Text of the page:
Top 4 Reasons Why You Should Choose a Fiduciary Financial Advisor
The word “fiduciary” is commonly used by attorneys and those in the financial industry, yet everyday people outside of these professional realms may not have a complete understanding of what it means and why it is so important. It should be important to you that the financial advisor you select is a fiduciary.
A fee-only fiduciary financial advisor has a duty of care to you, the client. This duty of care is an important designation as it means there is an added level of responsibility and professionalism that safeguards your interest. After all, the last thing you need is a supposed expert financial advisor strictly acting in his or her own self-interest when providing financial guidance.
Let’s take a closer look at what fiduciary financial advisors are really all about and the best reasons for relying on such a professional for financial guidance.
Defining the Word “Fiduciary”
Can you imagine a financial advisor making investments on your behalf or providing investment advice strictly based on speculation? Can you imagine a financial advisor making investment decisions with your money based on emotional responses to the market’s undulations and current events? There is the potential for such a nightmare scenario if you rely on a financial advisor who is not a fiduciary.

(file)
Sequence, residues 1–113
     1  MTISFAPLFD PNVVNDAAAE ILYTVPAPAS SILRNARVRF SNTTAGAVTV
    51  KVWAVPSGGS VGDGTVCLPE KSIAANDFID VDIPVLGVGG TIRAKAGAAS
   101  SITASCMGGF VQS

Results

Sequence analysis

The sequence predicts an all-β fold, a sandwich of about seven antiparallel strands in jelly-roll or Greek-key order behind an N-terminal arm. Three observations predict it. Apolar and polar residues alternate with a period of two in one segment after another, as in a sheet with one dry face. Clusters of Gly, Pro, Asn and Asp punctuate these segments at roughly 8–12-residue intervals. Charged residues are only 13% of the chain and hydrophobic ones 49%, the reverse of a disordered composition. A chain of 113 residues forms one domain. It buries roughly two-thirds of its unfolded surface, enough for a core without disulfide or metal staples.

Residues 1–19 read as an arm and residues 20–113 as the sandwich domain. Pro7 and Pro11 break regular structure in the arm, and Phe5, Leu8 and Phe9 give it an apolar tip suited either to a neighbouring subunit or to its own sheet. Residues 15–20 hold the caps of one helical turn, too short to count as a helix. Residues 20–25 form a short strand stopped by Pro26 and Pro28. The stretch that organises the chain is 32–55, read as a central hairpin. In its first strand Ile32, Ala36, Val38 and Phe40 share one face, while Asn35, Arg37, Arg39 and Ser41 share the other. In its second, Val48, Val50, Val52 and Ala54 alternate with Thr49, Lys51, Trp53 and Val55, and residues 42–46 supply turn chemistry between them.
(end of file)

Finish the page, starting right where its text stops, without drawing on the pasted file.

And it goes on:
In a legal context, a fiduciary is a professional who embraces the responsibility of acting on behalf of another individual with both integrity and forthrightness. Aside from financial advisors, attorneys, some bankers, and most officers of public businesses all serve as fiduciaries. This means the individual in question is to act in a manner that protects and advances the interests of a client as opposed to those of his or her own, an employer, or any other party.